In 1983, Linda Ronstadt, a popular female vocalist of the rock era,[10][11] elected to change direction.[12] She collaborated with legendary arranger-conductor Nelson Riddle and released a successful album of standards from the 1940s and 1950s, What's New. It reached No. 3 on the Billboard pop chart, won a Grammy, and inspired Ronstadt to team up with Riddle for two more albums: 1984's Lush Life and 1986's For Sentimental Reasons.[13] The gamble paid off, as all three albums became hits, the international concert tours were a success and Riddle picked up a few more Grammys in the process. Ronstadt's determination to produce these albums exposed a new generation to the sounds of the pre-swing and swing eras.[14]

Since then, other rock/pop stars have occasionally found success recording traditional pop music. Notable albums include Rod Stewart's It Had to Be You: The Great American Songbook, Willie Nelson's Stardust, Chaka Khan's Echoes of an Era and Carly Simon's Torch.[15]


The appearance of the lounge subculture in the mid-1990s in the United States helped to enhance the revival and interest in the music, style, and performers of popular music before rock and roll. Many contemporary performers have worked in the style of classic pop and/or easy listening swing. Some jazz and popular music singers, such as Diana Krall are sustaining the tradition.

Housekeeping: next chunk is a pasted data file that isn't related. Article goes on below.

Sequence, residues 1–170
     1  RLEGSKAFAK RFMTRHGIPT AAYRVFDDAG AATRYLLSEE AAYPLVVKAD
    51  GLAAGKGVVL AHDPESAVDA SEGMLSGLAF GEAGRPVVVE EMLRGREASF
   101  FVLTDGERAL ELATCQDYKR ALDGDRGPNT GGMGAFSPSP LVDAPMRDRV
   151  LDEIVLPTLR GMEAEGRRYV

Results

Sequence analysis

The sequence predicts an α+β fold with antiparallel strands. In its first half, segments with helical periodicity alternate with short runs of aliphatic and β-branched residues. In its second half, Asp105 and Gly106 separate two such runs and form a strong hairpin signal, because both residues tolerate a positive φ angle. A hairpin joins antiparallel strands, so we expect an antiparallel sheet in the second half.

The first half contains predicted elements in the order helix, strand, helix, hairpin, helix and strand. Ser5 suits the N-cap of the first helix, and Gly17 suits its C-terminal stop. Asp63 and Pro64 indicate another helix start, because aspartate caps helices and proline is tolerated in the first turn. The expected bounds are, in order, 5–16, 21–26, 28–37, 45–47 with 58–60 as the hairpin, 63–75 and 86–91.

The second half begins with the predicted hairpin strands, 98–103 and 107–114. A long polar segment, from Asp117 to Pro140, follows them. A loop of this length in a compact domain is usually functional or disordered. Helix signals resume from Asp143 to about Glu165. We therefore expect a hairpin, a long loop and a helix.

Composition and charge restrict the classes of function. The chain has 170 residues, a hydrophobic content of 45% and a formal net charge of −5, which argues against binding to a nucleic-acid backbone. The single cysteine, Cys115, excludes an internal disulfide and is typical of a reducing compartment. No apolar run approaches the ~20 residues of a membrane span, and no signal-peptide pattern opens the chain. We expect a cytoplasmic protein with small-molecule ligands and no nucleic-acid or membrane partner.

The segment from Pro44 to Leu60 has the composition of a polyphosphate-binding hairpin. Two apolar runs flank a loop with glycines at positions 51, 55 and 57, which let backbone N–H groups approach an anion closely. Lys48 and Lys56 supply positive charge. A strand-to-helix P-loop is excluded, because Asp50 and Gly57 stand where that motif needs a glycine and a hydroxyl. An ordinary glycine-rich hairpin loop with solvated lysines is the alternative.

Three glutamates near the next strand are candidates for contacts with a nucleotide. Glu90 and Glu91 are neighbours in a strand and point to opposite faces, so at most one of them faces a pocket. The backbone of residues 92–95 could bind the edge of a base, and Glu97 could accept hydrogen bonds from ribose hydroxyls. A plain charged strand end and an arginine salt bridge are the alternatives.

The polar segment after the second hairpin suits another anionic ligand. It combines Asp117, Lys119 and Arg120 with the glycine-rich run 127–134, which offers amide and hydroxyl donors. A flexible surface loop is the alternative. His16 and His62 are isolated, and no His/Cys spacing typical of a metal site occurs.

See also[edit]


  1. ^ "Traditional Pop | Music Highlights". AllMusic. Retrieved 2016-04-10.
  2. ^ Gilliland, John (1994). Pop Chronicles the 40s: The Lively Story of Pop Music in the 40s (audiobook). ISBN 978-1-55935-147-8. OCLC 31611854.
  3. ^ a b Gilliland, John (1969). "Smack Dab in the Middle on Route 66: A skinny dip in the easy listening mainstream" (audio). Pop Chronicles. University of North Texas Libraries. Show 22.
  4. ^ Gilliland 1969, show 23.
  5. ^ Gilliland 1969, show 13.
  6. ^ "Passed/Failed CLEO LAINE". The Independent. 1998-06-10. Retrieved 2023-11-22.
  7. ^ Channick, Robert (3 May 2018). "MeTV FM goes from low-power TV station to top-10 Chicago radio station". Chicago Tribune.
  8. ^ Green, Jesse (June 2, 1996). "The Song Is Ended". The New York Times Magazine.
  9. ^ Dawidoff, Nicholas (1997). In the Country of Country. Great Britain: Faber and Faber. pp. 48–50. ISBN 0-571-19174-6.
  10. ^ "Rolling Stone". Rock's Venus. Archived from the original on August 8, 2007. Retrieved May 4, 2007.
  11. ^ "Work's out fine, best female voice in rock and roll". The Daily News. Retrieved May 4, 2007.
  12. ^ "The Linda Ronstadt Interview". Time. Retrieved April 9, 2007.
  13. ^ "Family Week". Linda Ronstadt: The Gamble Pays off Big. Archived from the original on October 22, 2006. Retrieved April 9, 2007.
  14. ^ "Jerry Jazz Musician". The Peter Levinson Interview. 19 April 2002. Retrieved May 4, 2007.
  15. ^ "Torch - Carly Simon | Songs, Reviews, Credits". AllMusic. Retrieved October 27, 2019.